In God’s Word today we have seen that God created everything. He created by the power of His word. He created with purpose and order. And He created the universe for Him to enjoy, and for us to enjoy it with Him, because creation is good and we are made to know God. And if you trust God and believe in Jesus, you can look forward to this universe being made perfect again in the future.

So the next time you see something that makes you go ‘Wow!’ remember how it got there in the first place.

Remember that God spoke it into being.

Remember that God made it to be good and that you can enjoy it.

Remember that if this world feels painful and confusing, it will one day be made perfect, and if you’re a Christian you will enjoy it forever.

But most of all, remember that you are made to enjoy creation with God, in relationship with Him. So if you don’t know God, why not choose today to believe in Him? To become what you were made for?

 

If you want to listen to the audio recording, it can be found on the St Mary’s website.

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A few months ago, the word “Ebola” wouldn’t have meant anything to most of us. But since the outbreak in West Africa started back in March and came to the attention of the media a few months later, it’s been all over the news! Having been taught about viruses in my clinical microbiology Masters, I’ve been following events with geeky interest and asking: what exactly is this virus that’s made the world so alarmed?

Instead of just re-stating the safety information and news updates that are out there on good websites like the World Health Organisation and Centers for Disease Control, I thought I’d write a bit about what the virus itself is like.

Ebolavirus (say it like a Yorkshireman: “eeeee-BOH-la”) is actually the genus name of the bug, like the Homo in Homo sapiens. The species that caused the outbreak in West Africa is called Zaire ebolavirus, and it was first discovered in 1976 near the Ebola river in the Democratic Republic of the Congo (used to be called Zaire).  Ebola is part of the Filoviridae family, so-called because viruses in this family look a bit like pieces of string – the Latin word filum that the name is taken from means “thread”. Marburg virus is also part of the same family.

Both Ebola and Marburg viruses cause something that’s called a “viral haemorrhagic fever”, or VHF. VHFs are caused by a number of viruses, and these viruses tend to be ones that have jumped from animals to humans. Normally, Ebola infects fruit bats. The theory is that these viruses are adapted to their animal hosts, so cause massive problems in humans because we’re not the same. This can be things like haemorrhaging (bleeding), hence the name of VHFs, but can also be vomiting, diarrhoea, and brain-related things like confusion and delirium, besides the standard “flu-like” symptoms of fever and muscle ache that you get with viral infections.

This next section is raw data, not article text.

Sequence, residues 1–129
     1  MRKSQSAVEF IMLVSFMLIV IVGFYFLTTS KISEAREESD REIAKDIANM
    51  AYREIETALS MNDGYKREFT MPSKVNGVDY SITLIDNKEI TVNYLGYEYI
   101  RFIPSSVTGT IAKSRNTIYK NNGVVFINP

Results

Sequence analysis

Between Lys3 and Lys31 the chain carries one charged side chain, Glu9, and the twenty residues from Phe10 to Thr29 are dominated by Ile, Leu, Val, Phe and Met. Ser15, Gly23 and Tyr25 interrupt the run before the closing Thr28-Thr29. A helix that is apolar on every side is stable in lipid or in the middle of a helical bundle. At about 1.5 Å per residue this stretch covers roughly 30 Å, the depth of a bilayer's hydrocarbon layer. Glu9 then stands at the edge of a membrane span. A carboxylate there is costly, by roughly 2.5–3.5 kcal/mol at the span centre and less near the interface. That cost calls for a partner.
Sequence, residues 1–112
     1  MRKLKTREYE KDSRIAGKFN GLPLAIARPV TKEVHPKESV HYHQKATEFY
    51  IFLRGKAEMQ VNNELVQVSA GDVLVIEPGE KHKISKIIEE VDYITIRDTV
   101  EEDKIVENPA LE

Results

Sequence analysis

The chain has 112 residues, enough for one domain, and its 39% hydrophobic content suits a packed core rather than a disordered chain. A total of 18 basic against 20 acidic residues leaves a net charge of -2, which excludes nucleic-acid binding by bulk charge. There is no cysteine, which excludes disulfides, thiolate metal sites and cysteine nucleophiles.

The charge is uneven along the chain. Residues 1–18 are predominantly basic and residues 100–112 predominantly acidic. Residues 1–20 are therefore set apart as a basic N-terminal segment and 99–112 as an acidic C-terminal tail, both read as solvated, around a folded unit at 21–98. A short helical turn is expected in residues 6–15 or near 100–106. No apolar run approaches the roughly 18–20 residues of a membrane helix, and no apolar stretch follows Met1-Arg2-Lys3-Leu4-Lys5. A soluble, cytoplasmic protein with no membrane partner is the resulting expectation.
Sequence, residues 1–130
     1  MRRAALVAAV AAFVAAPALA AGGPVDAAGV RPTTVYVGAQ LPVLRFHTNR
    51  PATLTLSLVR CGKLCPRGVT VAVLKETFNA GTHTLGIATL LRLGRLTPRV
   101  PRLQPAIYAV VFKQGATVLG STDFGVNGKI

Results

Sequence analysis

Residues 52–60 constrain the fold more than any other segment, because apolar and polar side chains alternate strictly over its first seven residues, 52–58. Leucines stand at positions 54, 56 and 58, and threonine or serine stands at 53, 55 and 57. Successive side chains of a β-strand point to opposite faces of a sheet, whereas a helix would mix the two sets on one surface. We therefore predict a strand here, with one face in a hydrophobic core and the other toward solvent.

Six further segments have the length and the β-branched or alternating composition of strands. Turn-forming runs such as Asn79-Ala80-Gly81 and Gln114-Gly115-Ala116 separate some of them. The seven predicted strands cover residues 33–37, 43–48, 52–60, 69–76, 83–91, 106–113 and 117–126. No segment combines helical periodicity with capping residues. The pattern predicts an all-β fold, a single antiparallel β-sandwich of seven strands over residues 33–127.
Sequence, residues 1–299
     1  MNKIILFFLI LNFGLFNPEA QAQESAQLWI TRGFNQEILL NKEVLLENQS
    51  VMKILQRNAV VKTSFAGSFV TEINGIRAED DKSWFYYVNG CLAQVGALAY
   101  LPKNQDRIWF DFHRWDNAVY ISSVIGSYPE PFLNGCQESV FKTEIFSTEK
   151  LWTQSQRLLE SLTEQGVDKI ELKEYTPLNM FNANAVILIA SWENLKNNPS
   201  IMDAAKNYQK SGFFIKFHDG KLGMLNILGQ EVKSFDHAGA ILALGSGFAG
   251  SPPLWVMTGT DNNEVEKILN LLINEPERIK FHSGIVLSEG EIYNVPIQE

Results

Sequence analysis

At the super-tiny level, the way things interact is all about shape. It’s a bit like those toys that babies have, with the holes that are different shapes and only the square block will fit in the square hole. Viruses have proteins on their outside that they use to stick to cells with proteins on their surface that are the corresponding shape. Then the virus can get into the cell and start reproducing. Ebolavirus infects cells called fibroblasts. These guys make collagen and are found in stuff called connective tissue – basically the bits of the body that stick other organs and bits of organs together. They also tend to be near to cells called endothelial cells, and epithelial cells, which can then get infected, too. Endothelial cells line the inside, and epithelial cells line the outside of things in your body, and that’s why Ebola can get transmitted through body fluids.

The reason that Ebola is scary isn’t just its horrible symptoms, but also its relatively high mortality rate (roughly 50% on average, but has ranged from 25-90% in the past) and the fact that it’s spread so much. From what I can tell, it seems like a big factor in this has been the state of the countries that it has broken out in. Sierra Leone and Liberia didn’t have strong healthcare systems to begin with, and the system has collapsed under the burden of this outbreak. They simply haven’t had the resources to contain the spread of the virus and treat people. And the worst of it is, with the proper control measures the virus wouldn’t spread because it isn’t all that contagious. If you look at the average number of people someone infected with Ebola infects, it’s less contagious than SARS, measles, Hepatitis C, and even HIV. If Ebola ever came to the UK, I reckon we wouldn’t have a full-scale epidemic on our hands here. We can quarantine people, we have beds for them, we have a health system with contingency plans for this kind of thing .

There’s no need for us in the UK to panic. But there is a huge need for us to pray for the situation in West Africa, for the people working hard to treat patients, for the patients and their families, for rich countries to help; and pray that God would use this to show His glory. No matter how bleak things look, it’s all in His sovereign plan that He works for good.

The heavens declare the glory of God, and the sky above proclaims his handiwork. Day to day pours out speech, and night to night reveals knowledge. There is no speech, nor are there words, whose voice is not heard. Their voice goes out through all the earth, and their words to the end of the world. In them he has set a tent for the sun, which comes out like a bridegroom leaving his chamber, and, like a strong man, runs its course with joy. Its rising is from the end of the heavens, and its circuit to the end of them, and there is nothing hidden from its heat.